Acoustic Night raises awareness


MJ Martinez

Sing me a song– Junior Rita Monahan (left) and senior Sarah Davis (right) sing “Here Comes a Thought” by Rebecca Sugar at the annual Acoustic Night on December 9. Acoustic Night is a yearly event that is hosted by the Gay Straight Alliance.

Jess Rickis, Staff Writer

In an attempt to raise awareness, the Gay Straight Alliance (GSA) hosted Acoustic Night on December 9, which gave students inside and outside of the club an opportunity to share their talents. This event was also a fundraiser for the club.

“Most of the money is used to offset the cost of attending the True Colors conference held at UConn in the spring. True Colors is the largest such event in the northeast as LGBT [Lesbian, Gay, Bisexual, Transgender] high school and college students gather from around the area to attend workshops, hear bands, dance, shop and hang out with great people,” club advisor Debby Holland said.

This annual gathering featured many of the school’s musicians and performers. Audience members got to hear a diverse group of acts that incorporated instrumental pieces and song covers. This year, a few changes were made by opening up to a broader format of expressions, such as visual art.

“Acoustic Night consisted of multiple acts of singing, spoken poetry, dancing, and acting.  In the past we have limited the night to singing and poetry, but this year we decided to widen the variety of people that could perform,” senior co-President Nickole Morris said.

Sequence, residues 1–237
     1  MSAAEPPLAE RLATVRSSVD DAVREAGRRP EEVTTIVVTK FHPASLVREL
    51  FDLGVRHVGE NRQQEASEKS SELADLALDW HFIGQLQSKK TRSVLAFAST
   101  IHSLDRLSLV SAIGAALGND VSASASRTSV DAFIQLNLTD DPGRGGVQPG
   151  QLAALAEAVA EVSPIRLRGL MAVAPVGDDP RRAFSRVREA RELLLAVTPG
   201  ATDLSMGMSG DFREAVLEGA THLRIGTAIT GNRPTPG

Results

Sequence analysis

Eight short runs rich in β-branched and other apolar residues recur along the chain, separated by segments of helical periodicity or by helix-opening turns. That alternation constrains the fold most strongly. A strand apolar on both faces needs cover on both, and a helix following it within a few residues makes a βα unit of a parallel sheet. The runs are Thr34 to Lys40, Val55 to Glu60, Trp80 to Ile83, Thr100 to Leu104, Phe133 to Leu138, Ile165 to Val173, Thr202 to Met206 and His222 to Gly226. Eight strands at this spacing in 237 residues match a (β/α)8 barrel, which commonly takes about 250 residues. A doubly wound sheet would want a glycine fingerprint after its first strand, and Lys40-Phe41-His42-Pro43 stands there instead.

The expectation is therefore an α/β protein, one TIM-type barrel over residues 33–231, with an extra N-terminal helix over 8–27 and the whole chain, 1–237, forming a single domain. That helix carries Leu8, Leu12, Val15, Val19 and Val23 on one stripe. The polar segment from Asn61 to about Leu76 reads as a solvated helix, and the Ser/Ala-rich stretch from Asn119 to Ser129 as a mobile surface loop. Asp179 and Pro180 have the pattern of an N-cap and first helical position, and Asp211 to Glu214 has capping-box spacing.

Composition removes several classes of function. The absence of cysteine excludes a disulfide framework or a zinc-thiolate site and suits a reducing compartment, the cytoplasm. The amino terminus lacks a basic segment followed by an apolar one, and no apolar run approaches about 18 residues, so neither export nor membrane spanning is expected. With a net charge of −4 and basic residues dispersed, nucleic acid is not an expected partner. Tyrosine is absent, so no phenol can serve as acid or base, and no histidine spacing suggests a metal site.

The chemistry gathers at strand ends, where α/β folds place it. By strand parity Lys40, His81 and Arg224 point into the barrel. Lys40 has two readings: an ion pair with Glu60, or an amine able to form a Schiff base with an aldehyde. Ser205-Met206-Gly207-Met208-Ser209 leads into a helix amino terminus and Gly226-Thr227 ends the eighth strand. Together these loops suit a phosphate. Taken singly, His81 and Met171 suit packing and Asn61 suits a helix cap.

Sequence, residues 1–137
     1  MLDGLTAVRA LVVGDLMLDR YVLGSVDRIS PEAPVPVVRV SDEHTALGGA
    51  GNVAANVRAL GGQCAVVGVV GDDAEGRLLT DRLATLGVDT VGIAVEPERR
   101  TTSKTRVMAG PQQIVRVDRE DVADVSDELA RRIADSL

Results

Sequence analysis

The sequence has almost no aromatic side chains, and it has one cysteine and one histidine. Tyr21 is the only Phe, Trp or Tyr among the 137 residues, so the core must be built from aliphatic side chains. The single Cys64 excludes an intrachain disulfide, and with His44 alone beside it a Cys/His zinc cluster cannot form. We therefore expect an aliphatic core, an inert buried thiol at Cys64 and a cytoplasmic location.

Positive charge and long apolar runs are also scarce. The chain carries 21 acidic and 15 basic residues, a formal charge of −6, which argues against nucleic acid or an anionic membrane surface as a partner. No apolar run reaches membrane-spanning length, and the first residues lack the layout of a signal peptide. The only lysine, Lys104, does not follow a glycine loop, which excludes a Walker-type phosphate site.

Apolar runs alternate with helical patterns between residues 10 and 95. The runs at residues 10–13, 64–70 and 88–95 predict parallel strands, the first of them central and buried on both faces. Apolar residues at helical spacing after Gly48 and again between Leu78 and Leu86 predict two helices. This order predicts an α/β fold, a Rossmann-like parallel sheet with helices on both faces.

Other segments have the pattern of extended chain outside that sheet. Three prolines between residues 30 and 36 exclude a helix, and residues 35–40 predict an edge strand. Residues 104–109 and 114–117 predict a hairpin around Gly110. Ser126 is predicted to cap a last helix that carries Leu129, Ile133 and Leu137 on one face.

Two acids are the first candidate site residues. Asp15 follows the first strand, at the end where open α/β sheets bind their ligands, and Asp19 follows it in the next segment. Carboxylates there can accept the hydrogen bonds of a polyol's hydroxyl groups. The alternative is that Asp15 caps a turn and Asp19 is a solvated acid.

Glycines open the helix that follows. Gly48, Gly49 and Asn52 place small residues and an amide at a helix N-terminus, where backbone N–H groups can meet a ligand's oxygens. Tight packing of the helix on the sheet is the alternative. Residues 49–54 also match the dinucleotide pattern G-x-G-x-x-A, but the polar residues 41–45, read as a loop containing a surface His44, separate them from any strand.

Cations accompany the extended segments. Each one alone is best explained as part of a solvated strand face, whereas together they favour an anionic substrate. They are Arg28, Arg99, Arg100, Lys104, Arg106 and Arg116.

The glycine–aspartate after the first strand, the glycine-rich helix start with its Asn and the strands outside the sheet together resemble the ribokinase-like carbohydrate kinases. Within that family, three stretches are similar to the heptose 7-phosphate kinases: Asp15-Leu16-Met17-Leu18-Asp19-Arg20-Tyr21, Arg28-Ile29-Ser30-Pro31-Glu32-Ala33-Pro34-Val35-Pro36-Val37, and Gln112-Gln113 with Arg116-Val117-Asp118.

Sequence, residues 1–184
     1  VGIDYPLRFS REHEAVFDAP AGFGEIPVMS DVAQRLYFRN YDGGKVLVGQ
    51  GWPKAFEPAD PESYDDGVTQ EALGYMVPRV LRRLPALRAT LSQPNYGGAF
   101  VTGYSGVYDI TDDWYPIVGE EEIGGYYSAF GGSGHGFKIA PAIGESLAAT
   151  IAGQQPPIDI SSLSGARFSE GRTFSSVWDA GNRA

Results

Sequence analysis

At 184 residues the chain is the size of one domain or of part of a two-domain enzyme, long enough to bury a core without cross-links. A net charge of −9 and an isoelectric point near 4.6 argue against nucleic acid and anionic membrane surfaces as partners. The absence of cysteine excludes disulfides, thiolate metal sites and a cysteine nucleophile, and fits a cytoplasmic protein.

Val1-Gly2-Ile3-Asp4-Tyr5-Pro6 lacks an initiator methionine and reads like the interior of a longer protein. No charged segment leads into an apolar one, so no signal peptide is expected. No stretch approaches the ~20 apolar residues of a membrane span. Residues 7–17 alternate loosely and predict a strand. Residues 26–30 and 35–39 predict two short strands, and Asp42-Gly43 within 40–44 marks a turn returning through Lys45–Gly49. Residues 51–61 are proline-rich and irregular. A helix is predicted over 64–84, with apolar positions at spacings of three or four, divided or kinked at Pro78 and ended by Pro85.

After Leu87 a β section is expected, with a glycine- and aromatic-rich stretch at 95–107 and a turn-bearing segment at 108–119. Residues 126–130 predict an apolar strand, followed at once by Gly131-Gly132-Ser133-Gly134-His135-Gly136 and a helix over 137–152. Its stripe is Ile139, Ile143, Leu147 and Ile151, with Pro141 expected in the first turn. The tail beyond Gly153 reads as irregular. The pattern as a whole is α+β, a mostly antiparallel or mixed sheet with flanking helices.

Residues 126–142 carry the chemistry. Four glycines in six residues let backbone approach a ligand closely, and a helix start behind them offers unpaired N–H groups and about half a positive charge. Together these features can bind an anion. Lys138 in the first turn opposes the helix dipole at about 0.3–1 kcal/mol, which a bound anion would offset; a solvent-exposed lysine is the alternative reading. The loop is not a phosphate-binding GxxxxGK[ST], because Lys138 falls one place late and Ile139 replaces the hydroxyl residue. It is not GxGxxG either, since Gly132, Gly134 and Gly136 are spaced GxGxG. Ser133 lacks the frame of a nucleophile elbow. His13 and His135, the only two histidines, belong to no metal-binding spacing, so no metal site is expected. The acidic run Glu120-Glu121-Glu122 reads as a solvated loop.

The event was open for any one who wanted to attend.

“Our target audience for the event was anyone who was interested in showing off a particular talent or supporting their local community.  The event wasn’t just for those in the lesbian, gay, bisexual and transgender community,” senior co-President Laurie Yousman said.

The GSA club hoped to broaden the diversity of their club and to make the high school a more accepting environment.

“The mission of the GSA is to create an inclusive environment where anyone of any sexual orientation or gender identity can feel safe enough to express themselves,” Yousman said.

GSA provided useful information to students and claimed anyone can join at any time.

“I really support [the GSA] and think that what they’re doing is wonderful. The fact that people used to discriminate against them is awful . Everyone is their own individual, and I’m so glad that people now support it,” sophomore Lydia Butler said.